Barrow, Alaska, the U.S.’s northern most city voted to change its name to the traditional Inupiat Eskimo name. During the October 4 vote, the decision came down to a tight race of 381 in favor and 375 against the name change. The name will revert to the name of Utqiagvik (pronounced oot-GHAR-vik).
Barrow is the largest city of the North Slope Borough and is located above the Arctic Circle. The city has a population of just nearly 5,000 people. Barrow was named for Sir John Barrow, the 2nd Secretary of the British Admiralty in 1826.
The Inupiat or an Inuit people are native to Alaska. They are culturally divided into two regional hunter-gather groups: the Tagiugmiut (sea people) who live near or on the north Alaska coast and the Nunamiu (land people) who live in the interior of Alaska.
Bob Harcharek, Barrow mayor, said the name change “reinforces the cultural identity of the people.” The process to revert to the original name began in August by Harcharek’s youngest son, Qaiyaan. This is not the first time that an Alaskan community changed its name. The village of Numan Iqua, once called Sheldon Point, approved the name change in 1999. Qaiyaan Harcharek hopes that using the traditional name of Utqiagvik will begin “healing” from the early days of missionaries. Just last year, the U.S. Department of the Interior changed the name of Mount McKinley to Denali. It is the highest mountain peak in North America.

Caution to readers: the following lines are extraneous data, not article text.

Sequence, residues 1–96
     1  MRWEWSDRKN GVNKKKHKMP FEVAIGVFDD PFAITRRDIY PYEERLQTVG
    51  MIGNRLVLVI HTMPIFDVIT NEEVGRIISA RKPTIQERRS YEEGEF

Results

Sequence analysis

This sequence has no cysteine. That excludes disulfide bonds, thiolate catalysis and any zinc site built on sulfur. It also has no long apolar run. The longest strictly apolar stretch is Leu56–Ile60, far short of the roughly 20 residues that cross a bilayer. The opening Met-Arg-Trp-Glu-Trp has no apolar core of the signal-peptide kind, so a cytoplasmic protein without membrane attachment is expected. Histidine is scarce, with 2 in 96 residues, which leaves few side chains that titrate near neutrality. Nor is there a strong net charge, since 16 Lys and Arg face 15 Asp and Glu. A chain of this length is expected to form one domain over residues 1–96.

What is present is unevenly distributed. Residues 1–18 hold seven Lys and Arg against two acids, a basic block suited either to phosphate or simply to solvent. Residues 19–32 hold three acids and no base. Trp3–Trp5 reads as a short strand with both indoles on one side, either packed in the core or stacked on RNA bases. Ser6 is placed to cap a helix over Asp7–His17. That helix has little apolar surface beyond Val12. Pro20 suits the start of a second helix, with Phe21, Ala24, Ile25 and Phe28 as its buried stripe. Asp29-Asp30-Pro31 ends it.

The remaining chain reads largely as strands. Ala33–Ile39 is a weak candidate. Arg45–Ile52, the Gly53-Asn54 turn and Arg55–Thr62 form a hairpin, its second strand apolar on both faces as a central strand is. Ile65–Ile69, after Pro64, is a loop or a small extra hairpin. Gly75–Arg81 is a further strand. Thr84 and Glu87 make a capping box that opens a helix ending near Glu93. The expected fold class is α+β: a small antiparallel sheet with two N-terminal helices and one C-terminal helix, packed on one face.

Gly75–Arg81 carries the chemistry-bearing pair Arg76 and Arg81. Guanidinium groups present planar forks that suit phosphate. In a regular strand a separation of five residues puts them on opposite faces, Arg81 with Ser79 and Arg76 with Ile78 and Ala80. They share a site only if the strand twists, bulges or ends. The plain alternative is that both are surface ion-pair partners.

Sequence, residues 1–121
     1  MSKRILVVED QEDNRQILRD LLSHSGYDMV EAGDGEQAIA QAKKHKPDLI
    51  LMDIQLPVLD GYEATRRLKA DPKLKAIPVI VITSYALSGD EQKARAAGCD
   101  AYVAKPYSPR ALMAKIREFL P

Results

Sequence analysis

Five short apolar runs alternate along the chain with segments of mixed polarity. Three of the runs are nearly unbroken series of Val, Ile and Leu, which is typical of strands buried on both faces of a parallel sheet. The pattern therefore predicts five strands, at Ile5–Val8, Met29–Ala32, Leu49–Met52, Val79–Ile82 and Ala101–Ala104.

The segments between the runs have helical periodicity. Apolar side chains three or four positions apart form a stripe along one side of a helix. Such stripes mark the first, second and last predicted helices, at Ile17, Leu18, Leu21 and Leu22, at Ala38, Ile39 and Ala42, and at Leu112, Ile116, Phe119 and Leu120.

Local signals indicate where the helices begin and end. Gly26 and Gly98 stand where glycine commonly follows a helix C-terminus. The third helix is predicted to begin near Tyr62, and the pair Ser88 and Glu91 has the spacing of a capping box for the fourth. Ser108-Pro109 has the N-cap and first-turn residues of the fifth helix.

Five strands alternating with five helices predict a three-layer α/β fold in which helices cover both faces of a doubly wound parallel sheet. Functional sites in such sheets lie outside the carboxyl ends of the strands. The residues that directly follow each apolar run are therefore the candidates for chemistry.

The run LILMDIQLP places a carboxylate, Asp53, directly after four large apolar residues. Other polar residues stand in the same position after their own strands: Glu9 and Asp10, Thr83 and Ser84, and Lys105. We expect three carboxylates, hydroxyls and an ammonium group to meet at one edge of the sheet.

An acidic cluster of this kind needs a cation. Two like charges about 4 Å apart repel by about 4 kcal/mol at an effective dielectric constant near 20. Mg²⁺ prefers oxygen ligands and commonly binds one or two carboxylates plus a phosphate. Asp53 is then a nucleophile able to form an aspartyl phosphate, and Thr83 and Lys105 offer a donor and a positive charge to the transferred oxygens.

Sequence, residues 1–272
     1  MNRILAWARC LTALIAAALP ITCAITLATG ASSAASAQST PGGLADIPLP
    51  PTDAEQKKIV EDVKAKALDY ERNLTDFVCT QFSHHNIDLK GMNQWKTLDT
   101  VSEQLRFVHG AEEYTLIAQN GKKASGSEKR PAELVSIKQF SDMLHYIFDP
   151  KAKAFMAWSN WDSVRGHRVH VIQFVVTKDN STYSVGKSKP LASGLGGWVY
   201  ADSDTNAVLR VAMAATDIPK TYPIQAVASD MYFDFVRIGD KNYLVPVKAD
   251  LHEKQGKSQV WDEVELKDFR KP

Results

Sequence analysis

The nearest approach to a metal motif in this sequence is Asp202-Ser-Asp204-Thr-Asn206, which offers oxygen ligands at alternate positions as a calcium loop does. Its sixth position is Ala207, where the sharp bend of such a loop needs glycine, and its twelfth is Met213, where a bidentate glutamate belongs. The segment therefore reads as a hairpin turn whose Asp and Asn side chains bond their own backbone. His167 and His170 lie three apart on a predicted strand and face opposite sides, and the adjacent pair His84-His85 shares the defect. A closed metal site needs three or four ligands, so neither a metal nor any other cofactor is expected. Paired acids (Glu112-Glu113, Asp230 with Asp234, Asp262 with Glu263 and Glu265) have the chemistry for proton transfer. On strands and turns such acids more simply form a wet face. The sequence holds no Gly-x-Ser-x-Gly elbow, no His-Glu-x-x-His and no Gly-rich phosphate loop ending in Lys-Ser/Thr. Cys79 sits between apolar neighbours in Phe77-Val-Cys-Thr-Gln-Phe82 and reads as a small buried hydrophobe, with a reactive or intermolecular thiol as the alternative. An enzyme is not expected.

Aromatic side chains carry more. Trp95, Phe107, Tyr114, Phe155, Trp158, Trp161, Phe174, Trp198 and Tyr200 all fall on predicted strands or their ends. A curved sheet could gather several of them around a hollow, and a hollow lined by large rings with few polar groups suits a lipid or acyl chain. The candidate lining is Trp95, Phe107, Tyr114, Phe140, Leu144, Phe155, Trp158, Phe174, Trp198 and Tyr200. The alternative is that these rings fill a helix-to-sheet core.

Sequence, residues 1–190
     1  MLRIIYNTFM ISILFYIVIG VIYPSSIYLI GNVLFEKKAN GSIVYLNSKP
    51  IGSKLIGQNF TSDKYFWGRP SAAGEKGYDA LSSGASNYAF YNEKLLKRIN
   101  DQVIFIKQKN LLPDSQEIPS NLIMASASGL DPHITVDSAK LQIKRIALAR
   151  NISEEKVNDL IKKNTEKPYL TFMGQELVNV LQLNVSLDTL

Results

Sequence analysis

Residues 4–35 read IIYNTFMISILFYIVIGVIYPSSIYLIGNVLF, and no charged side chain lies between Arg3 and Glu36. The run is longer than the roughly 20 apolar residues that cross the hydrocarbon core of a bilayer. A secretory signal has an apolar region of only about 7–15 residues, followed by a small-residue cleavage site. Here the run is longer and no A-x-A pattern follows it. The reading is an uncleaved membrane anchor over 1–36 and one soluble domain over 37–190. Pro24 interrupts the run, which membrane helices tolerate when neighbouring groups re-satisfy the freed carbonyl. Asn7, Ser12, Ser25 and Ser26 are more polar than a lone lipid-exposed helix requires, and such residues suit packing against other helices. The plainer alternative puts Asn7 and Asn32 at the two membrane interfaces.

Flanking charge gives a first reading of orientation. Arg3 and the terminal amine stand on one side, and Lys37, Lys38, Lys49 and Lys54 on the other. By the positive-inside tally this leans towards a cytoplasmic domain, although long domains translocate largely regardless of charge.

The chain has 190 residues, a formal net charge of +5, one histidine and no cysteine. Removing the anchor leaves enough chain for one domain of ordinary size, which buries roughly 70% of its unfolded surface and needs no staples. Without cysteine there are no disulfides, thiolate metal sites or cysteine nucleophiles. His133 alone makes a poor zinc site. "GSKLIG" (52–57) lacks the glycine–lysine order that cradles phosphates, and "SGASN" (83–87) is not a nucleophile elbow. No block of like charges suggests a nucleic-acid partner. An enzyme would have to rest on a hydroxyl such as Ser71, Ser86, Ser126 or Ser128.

In other parts of the country, there are ongoing efforts to rename other landmarks. Those in Wyoming are trying to rename Devils Tower National Monument to Bear Lodge. In South Dakota, a proposal to rename Harney Peak to Hinhan Kaga “failed at the state level,” according to CNN. Others in Washington state are debating whether to rename Mount Rainier or not, though it will not be discussed soon.
Naturally, there were opponents to the name change. Speaking to FOX News, William Phillips understood why people voted to change the name but believes they did not understand the practicality of it. Also voted on October 4 was the resolution to change the wording on city stop signs to “nutqagin” in Inupiaq, according to the Alaska Dispatch.
Resolution writers hoped the change would encourage the use of the Inupiaq language. There is some debate, however, on what Utqiagvik means. According to The Olympian, some say it means “a place where snow owls are hunted” while others say the name means a place for gathering potatoes. Whatever the meaning of the name, 45 days after receiving notification from the city, the name change will become official. For more CDA News, follow our tweets on Twitter and like us on Facebook.
By Cheryl Werber